Q. We found a way to attain an overwhelming cost advantage over our competitors. Is it ethical for us to lower prices so much that they are left with almost no business?
A: The issue of fair business competition is an ancient one, which is extensively discussed in the Jewish sources.
The most prominent insight we observe is that "fair" competition does not only mean that the rules are fair, but means above all that the rules apply equitably to all players. The Mishna states: "Rebbe Yehuda says, a storekeeper should not distribute treats to children, since this accustoms them to buy from him; but the Sages permit it. And [Rebbe Yehuda says] that he shouldn't undercut the going price; but the Sages said this is praiseworthy."
The Talmud explains why the authoritative majority opinion -- that of the Sages -- finds no fault with such inducements: "He can say, I give out nuts, you can give out prunes." (1)
In other words, attracting customers by providing an advantage in merchandise or price is permissible and even praiseworthy, provided the merchant is not exploiting any unfair advantage unavailable to competitors.
In your case, all producers are constantly seeking ways to cut costs, and so you can say to your competitors, "I saved money on raw materials; you go ahead and save money on payroll." The fundamental ability to compete is common to all sellers in your market.
Yet many authorities added a caveat to this principle: it is appropriate to draw customers, but not to the extent of depriving a competitor of his livelihood entirely. (2) The Jewish sages throughout the generations were passionately concerned to maintain each individual's ability to support himself at some minimal level.
This approach isn't in complete harmony with some modern ideologies. Free-market advocates inform us that the growth and development of the market necessarily involves business failures, and that ultimately the entire system works more efficiently when there is no interference in this process. And there is much truth in this insight, and much to be gained from the action of the "invisible hand" of competition.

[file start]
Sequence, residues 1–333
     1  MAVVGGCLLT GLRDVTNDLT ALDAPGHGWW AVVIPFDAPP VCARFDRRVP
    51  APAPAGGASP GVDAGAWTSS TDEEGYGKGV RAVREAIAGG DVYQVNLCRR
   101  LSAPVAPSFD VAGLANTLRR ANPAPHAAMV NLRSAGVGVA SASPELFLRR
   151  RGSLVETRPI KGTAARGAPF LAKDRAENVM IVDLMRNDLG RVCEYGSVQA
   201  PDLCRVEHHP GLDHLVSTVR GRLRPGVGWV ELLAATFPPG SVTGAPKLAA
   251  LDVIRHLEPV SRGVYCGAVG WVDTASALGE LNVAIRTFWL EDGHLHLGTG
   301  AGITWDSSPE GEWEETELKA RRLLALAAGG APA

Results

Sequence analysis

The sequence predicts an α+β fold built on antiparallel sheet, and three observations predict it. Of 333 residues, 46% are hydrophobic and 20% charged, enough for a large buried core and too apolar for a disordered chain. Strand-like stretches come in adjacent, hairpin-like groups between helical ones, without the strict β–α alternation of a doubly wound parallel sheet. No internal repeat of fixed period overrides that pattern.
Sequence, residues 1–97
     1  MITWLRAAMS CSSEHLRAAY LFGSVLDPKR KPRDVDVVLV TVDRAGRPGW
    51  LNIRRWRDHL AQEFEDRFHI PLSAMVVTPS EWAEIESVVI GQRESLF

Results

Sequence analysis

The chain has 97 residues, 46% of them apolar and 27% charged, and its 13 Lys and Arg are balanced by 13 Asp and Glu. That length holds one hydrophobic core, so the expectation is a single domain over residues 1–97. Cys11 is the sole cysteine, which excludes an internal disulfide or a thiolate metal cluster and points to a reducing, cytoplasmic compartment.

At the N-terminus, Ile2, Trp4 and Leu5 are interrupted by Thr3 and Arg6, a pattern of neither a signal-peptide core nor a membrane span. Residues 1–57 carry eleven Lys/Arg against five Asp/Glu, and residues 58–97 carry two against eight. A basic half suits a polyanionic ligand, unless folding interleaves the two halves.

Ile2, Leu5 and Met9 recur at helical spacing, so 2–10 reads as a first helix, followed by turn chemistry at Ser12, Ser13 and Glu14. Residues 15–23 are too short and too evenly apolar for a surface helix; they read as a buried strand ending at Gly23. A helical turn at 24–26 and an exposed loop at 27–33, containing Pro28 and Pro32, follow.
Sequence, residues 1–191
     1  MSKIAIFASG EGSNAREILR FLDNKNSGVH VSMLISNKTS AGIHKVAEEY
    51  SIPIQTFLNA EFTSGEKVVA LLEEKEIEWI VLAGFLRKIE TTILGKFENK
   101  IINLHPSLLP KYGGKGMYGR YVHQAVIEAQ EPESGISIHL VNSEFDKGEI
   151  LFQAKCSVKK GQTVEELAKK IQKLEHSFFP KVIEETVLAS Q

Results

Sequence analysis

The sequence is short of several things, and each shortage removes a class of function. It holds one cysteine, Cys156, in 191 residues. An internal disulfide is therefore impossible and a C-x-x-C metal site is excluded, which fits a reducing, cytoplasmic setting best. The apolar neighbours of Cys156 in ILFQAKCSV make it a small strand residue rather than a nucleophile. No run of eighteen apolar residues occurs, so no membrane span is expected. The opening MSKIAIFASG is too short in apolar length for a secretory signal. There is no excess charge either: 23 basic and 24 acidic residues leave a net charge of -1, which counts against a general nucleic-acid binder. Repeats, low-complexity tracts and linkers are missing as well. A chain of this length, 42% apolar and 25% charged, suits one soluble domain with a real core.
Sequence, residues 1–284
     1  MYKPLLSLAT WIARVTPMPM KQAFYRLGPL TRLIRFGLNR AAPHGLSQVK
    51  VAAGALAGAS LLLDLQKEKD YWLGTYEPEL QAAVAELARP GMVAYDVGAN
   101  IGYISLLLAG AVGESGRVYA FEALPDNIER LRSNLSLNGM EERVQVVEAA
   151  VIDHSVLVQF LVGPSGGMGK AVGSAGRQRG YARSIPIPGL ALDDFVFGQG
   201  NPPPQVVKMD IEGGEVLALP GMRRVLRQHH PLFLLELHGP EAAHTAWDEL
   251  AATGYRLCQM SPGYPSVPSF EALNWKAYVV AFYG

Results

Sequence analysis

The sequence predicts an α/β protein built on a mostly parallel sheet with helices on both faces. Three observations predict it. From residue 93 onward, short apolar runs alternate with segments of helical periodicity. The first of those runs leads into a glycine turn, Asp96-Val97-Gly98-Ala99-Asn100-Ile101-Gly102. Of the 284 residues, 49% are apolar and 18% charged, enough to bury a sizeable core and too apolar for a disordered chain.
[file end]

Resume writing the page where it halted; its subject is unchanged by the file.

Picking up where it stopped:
But practically speaking, there are some individual instances where the hardship of a business failure really outweighs the economic benefits to the market. Consider this: Almost any economics professor will tell you that keeping an inefficient business in operation by limiting competition amounts to no more than a tax on consumers. Perhaps the gross income of this inept firm is a million dollars a year; ten percent of this is just a de facto subsidy paid by customers in the form of inflated prices for the firm's product. Result: $100,000 of consumer money wasted. This is undoubtedly correct, and as an economics professor myself I teach the same thing.
But sometimes we need to ask ourselves what the alternative is. Perhaps right now there are no employment opportunities in the region of the failing plant. If the company goes out of business the burden on the dole will be five hundred thousand dollars a year! Result:
- $500,000 wasted, instead of one hundred thousand.
- A tax imposed on all citizens, instead of one that applies only to those who voluntary choose to buy this firm's product.
- Scores of frustrated and idle unemployed who feel they are not contributing to society, instead of scores of busy workers who are proud of their work, even if they are aware that there are other, competing firms which may do a better job.
But before you adopt this approach, take a minute to look at the bigger picture. If you can make a similar return with more gentlemanly competition, which does not deprive your competitor of his livelihood, this is a praiseworthy and ethical course of action -- one you should carefully examine and consider.
SOURCES: (1) Babylonian Talmud Bava Metzia 60a. (2) Bava Batra 21b.